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And the heat keeps coming: Global temperature record broken for 10th month in a row in March

Silhouettes of people in the ocean with the sun behind them
People cool off in the water off Rio de Janeiro, Brazil, during a March heat wave.
(Silvia Izquierdo / Associated Press)
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Earth’s worrisome warming trajectory continued unabated last month, with March marking the 10th month in a row that the planet has broken global heat records, international climate officials announced this week.

With an average surface temperature of 57.45 degrees Fahrenheit, last month was warmer globally than any previous March on record, according to the European Union’s Copernicus Climate Change Service. The month was about 0.18 of a degree warmer than the previous hottest March, in 2016, the service said.

“March 2024 continues the sequence of climate records toppling for both air temperature and ocean surface temperatures, with the 10th consecutive record-breaking month,” read a statement from Samantha Burgess, Copernicus’ deputy director. “The global average temperature is the highest on record, with the past 12 months being 1.58 degrees Celsius above pre-industrial levels. Stopping further warming requires rapid reductions in greenhouse gas emissions.”

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Indeed, March was well above the 1.5-degree Celsius (2.7 degrees Fahrenheit) international target for limiting the worst effects of climate change. The global average temperature measured about 3 degrees, or 1.68 degrees Celsius, warmer than the designated 1850 to 1900 preindustrial reference period.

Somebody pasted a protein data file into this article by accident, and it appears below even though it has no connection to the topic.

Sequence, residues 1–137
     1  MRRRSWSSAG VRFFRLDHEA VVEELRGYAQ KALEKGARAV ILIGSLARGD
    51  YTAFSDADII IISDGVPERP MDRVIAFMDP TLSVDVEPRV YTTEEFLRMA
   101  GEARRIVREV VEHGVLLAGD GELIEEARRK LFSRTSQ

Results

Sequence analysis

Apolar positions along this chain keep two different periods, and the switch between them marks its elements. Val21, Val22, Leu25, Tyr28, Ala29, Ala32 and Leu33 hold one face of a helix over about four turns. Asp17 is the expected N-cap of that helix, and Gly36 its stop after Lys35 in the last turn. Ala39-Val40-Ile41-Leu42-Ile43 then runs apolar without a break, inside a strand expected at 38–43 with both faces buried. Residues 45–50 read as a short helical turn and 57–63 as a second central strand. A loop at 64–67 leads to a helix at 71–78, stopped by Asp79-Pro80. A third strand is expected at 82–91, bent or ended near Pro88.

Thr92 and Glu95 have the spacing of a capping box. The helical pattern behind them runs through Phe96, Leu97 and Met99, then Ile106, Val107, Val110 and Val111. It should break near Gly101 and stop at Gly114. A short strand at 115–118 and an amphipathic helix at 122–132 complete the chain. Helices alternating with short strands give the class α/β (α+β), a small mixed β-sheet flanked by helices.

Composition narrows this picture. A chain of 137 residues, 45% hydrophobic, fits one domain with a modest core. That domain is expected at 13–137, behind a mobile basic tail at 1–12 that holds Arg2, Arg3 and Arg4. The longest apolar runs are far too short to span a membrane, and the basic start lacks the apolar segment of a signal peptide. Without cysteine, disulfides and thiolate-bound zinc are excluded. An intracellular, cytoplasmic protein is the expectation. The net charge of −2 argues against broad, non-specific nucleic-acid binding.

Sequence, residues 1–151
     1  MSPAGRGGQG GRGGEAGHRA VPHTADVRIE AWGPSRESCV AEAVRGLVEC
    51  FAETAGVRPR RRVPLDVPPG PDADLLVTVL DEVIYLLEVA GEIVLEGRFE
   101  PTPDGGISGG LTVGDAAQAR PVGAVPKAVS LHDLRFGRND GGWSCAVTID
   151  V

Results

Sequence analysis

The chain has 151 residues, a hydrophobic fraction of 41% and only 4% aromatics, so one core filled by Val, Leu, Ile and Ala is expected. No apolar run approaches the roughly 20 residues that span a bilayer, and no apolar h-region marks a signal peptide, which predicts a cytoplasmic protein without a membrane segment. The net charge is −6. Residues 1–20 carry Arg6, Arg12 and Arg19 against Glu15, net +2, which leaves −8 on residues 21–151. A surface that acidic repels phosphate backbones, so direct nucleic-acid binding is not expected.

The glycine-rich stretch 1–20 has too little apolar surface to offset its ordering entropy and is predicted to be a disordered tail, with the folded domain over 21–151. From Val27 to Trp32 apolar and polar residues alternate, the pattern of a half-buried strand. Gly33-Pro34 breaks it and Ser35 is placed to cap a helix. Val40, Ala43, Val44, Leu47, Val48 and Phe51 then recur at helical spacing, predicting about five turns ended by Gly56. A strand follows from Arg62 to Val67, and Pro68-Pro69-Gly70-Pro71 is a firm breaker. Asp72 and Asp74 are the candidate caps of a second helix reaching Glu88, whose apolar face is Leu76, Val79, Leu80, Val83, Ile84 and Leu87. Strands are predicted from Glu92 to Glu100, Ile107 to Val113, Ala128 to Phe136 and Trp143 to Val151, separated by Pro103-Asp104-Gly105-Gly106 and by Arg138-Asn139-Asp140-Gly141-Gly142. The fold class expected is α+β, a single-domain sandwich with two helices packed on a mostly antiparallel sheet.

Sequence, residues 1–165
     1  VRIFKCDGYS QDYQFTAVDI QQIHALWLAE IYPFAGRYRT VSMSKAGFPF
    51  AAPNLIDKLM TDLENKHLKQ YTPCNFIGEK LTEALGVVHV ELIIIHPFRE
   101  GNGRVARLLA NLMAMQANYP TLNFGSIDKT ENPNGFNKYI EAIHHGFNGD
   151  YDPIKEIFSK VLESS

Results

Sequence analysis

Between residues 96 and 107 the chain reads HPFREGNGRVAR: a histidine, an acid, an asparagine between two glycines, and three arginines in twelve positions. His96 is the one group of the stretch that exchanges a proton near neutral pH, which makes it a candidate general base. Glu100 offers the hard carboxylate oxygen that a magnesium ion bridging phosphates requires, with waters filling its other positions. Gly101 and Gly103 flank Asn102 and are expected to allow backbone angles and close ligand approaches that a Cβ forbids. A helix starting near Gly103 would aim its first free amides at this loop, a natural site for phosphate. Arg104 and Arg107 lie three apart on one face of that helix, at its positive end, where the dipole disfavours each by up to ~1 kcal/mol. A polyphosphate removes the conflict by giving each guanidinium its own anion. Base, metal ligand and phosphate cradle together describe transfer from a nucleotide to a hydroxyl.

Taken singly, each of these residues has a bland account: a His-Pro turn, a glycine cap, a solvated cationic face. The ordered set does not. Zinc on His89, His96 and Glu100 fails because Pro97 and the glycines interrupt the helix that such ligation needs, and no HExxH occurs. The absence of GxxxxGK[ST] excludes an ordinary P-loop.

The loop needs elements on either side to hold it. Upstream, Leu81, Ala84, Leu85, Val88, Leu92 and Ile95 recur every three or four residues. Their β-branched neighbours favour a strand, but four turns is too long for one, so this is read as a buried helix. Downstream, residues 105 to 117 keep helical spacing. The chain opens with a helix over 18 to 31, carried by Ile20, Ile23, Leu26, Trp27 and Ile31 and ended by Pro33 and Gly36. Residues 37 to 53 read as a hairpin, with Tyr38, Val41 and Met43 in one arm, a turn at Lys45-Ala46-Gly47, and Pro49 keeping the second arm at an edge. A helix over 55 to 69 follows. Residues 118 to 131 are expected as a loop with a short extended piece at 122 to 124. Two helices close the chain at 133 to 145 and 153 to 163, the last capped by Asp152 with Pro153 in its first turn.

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What’s more, the global average temperature for the last 12 months — April 2023 through March 2024 — is the highest on record, at 2.8 degrees, or 1.58 degrees Celsius, above the preindustrial average.

Brenda Ekwurzel, a senior climate scientist with the Union of Concerned Scientists, noted that the 1.5-degree Celsius limit established under the 2015 Paris climate agreement refers to decades of sustained warming at that temperature, as opposed to a single day, month or year.

“It’s just the initial part of a decadal average,” she said of recent records. However, “when you see so many months in a row being just above the indicator that the Paris climate agreement is hoping the world will stay below — it’s troubling.”

On Tuesday, a group of women in Switzerland won a landmark victory from Europe’s highest human rights court on charges that their government was failing to protect them from the dangers of extreme heat and worsening climate change. The women, part of a group called Senior Women for Climate Protection, have joined other activists in arguing that governments must do more to ensure global warming is held to 1.5 degrees Celsius.

Every bit of planetary warming will have impacts beyond those already occurring, including biodiversity loss, longer heat waves and extreme rainfall.

Feb. 1, 2024

The current stretch of simmering global heat has been largely driven by human-caused climate change and the presence of El Ni?o, a climate pattern in the tropical Pacific associated with hotter global temperatures, experts say.

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El Ni?o arrived in June and ushered in a sweltering summer and fall marked by deadly heat, raging wildfires and boiling ocean temperatures. Last month, Brazil was stifled by a dangerous heat wave that saw its heat index soar to 144 degrees.

“I’m surprised at the magnitude of the heat — that is remarkable — but I’m not surprised it’s the tenth consecutive month,” Ekwurzel said.

Human-caused climate change driven by fossil fuel emissions is beginning to become more dominant than natural variability signals such as El Ni?o, she said, noting that “hot times are now much hotter because of climate change, and ... cool times are just not as cool because of climate change.”

But while the worsening heat is in many ways predictable given current trends, some scientists have struggled to explain why conditions are so far above normal as temperatures soar higher than even some climate models predicted.